An investigation of the state prison system prompted by the release of serial killer Nikko Jenkins finds fault not only in how Nebraska runs its prisons, but even with the data on which the department relies.
A report by the Legislative Performance Audit Committee found while state law clearly identifies inmates who should be civilly committed as dangerous sex offenders, it lacks guidance on the civil commitment of mentally ill or dangerous inmates.
And, says committee chairman John Harms, a state senator from Scottsbluff, the electronic data used by the Department of Correctional Services isn’t reliable.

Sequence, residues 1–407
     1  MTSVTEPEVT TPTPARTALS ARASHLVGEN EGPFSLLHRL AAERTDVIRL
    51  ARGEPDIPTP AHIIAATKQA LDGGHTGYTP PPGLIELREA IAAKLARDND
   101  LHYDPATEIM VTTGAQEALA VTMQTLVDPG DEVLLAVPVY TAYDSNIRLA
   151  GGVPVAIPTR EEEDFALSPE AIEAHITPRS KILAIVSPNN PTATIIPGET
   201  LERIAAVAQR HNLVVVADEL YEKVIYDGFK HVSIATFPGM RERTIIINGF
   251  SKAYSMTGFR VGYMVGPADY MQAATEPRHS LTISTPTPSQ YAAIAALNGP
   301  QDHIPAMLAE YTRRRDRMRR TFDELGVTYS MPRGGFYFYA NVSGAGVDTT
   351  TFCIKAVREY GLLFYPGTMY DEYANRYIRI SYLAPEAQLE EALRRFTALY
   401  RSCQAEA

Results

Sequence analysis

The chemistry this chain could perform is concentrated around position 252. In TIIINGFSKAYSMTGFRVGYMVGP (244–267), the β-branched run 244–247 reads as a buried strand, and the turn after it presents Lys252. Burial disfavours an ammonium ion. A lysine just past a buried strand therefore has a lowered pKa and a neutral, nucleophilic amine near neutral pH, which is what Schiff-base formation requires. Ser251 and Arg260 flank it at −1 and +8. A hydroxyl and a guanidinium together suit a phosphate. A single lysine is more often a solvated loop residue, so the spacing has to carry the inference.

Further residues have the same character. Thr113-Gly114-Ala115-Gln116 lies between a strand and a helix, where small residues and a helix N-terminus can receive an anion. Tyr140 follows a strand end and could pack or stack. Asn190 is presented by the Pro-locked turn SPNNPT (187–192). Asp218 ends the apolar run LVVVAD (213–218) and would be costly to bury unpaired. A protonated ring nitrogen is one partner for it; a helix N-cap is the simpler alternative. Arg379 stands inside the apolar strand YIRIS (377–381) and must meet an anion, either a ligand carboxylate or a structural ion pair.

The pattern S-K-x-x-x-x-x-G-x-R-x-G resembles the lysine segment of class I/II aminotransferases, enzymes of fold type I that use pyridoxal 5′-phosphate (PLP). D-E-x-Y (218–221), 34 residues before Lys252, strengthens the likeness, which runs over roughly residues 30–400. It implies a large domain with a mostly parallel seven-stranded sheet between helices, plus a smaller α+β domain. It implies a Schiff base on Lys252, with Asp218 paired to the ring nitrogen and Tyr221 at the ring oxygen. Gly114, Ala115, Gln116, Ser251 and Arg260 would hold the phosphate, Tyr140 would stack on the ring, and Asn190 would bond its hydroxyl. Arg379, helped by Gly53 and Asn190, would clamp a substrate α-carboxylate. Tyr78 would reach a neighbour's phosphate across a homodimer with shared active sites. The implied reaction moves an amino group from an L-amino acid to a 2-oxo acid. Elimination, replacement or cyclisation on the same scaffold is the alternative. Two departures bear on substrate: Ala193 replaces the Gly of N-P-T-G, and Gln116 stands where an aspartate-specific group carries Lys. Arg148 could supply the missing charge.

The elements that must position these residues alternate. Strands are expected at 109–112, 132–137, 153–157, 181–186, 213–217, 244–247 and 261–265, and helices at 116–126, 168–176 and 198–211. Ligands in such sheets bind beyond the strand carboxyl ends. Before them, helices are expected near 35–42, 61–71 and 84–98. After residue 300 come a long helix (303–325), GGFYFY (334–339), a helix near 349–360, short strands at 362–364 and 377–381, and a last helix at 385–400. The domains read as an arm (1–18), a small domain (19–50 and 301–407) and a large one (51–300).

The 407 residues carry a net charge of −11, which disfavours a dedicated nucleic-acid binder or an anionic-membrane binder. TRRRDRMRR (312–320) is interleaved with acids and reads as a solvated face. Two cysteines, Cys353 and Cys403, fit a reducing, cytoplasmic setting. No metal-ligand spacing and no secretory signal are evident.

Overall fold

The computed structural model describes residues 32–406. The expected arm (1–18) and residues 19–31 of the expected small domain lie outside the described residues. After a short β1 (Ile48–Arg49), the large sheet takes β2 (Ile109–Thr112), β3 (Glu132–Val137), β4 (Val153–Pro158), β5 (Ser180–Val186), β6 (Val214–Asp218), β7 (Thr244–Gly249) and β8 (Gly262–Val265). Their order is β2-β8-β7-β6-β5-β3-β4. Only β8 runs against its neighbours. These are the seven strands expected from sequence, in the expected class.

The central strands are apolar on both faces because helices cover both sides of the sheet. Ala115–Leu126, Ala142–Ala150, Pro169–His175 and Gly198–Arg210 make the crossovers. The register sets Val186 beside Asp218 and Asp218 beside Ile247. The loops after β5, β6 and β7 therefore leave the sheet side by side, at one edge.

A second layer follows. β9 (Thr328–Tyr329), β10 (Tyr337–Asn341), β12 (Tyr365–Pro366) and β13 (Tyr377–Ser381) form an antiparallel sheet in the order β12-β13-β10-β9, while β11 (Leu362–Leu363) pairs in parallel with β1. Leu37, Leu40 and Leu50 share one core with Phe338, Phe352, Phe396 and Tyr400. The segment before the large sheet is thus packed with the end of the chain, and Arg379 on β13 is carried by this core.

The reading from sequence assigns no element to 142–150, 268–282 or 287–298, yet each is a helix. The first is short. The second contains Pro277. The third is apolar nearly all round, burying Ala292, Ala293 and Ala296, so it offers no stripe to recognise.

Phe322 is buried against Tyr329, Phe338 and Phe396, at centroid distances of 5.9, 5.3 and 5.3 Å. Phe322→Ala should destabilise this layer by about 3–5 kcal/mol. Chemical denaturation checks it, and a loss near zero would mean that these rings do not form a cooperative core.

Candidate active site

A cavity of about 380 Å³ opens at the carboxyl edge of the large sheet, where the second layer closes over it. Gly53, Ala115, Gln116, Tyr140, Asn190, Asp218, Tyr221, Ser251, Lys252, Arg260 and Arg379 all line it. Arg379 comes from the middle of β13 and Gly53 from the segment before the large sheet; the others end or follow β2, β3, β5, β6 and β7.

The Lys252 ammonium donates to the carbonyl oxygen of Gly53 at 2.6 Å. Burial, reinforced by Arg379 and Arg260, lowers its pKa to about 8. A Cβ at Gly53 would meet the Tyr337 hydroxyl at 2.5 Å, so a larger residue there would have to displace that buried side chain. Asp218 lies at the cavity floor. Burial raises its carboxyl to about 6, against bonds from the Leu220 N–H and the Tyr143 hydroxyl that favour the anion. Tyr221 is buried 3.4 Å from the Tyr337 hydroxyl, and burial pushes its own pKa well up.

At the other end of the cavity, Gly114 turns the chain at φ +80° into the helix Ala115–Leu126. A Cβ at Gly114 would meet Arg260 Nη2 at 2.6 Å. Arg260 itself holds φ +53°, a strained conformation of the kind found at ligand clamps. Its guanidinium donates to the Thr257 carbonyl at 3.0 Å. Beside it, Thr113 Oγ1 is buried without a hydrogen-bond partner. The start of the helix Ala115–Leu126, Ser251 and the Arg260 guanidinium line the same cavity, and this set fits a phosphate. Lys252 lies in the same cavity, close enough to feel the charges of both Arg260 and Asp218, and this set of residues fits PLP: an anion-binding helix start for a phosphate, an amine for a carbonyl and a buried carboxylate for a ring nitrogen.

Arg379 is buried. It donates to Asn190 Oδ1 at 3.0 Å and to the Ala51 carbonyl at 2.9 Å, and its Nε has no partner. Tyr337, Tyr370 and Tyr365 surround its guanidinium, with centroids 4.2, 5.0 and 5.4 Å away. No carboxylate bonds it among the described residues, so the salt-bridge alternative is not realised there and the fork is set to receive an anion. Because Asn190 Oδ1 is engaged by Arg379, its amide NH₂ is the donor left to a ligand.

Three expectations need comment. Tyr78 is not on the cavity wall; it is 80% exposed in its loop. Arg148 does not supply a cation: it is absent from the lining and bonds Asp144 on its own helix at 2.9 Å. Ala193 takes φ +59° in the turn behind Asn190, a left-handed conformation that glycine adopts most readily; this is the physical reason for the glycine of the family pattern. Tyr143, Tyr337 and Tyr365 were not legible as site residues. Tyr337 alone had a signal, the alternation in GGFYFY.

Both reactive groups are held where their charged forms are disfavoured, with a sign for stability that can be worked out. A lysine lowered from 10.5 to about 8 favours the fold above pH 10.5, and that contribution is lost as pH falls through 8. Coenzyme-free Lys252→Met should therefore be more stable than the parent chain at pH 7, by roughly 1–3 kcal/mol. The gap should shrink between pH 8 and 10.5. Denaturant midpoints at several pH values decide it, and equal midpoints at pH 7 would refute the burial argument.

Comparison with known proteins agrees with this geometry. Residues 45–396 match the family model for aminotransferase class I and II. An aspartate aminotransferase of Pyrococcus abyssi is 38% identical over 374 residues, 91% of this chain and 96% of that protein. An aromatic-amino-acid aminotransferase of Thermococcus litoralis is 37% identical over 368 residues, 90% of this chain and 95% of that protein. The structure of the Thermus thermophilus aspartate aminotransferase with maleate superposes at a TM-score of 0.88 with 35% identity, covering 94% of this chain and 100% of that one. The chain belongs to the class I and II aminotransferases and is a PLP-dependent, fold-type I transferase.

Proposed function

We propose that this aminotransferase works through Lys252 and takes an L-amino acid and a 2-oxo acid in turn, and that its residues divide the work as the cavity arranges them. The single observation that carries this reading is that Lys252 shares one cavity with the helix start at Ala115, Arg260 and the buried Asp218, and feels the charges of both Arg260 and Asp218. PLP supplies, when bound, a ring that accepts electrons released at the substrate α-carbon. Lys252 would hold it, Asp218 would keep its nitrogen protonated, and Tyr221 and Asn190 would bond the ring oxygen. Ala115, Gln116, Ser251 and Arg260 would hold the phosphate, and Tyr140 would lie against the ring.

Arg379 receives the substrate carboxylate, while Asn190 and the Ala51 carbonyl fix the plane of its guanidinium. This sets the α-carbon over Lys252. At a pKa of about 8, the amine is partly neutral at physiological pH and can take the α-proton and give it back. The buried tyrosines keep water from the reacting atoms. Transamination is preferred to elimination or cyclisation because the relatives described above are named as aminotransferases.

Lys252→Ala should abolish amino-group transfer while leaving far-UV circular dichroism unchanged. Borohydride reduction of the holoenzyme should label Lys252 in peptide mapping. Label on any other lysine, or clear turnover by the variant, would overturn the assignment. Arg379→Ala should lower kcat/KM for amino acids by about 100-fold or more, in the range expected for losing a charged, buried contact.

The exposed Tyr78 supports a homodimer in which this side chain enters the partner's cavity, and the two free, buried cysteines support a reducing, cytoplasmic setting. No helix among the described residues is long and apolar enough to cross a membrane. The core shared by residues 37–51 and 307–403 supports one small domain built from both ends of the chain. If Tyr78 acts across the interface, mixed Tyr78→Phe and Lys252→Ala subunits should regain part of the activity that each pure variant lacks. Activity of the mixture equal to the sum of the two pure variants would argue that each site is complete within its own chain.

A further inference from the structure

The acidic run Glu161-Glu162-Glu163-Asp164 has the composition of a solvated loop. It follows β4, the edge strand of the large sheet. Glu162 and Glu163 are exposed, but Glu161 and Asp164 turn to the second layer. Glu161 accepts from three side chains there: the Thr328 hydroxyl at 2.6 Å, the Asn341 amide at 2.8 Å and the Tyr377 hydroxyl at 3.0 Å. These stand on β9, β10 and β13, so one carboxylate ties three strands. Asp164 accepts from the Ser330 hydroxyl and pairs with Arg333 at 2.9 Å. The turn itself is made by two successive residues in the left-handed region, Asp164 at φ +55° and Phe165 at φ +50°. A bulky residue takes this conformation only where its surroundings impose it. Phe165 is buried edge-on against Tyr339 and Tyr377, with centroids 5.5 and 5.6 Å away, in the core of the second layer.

“It all boils down to one thing and that is you just don’t have the management,” Harms tells Nebraska Radio Network.
Harms says it will be up to the new legislature to determine why.
“Is it because we’ve just had too much growth, we haven’t budgeted enough money? Those issues will eventually become clearer as they continue to pursue and dig out of this issue,” according to Harms.
The early release of Nikko Jenkins from prison and his convictions in four murders in Omaha shortly after his release last year prompted the Unicameral to closely review the Department of Correctional Services. Many have questioned why the state didn’t move to have Jenkins civilly committed.
Harms says the legislature that convenes in January will be responsible to deal with the problems disclosed in the committee’s findings.
AUDIO: Brent Martin reports [:45]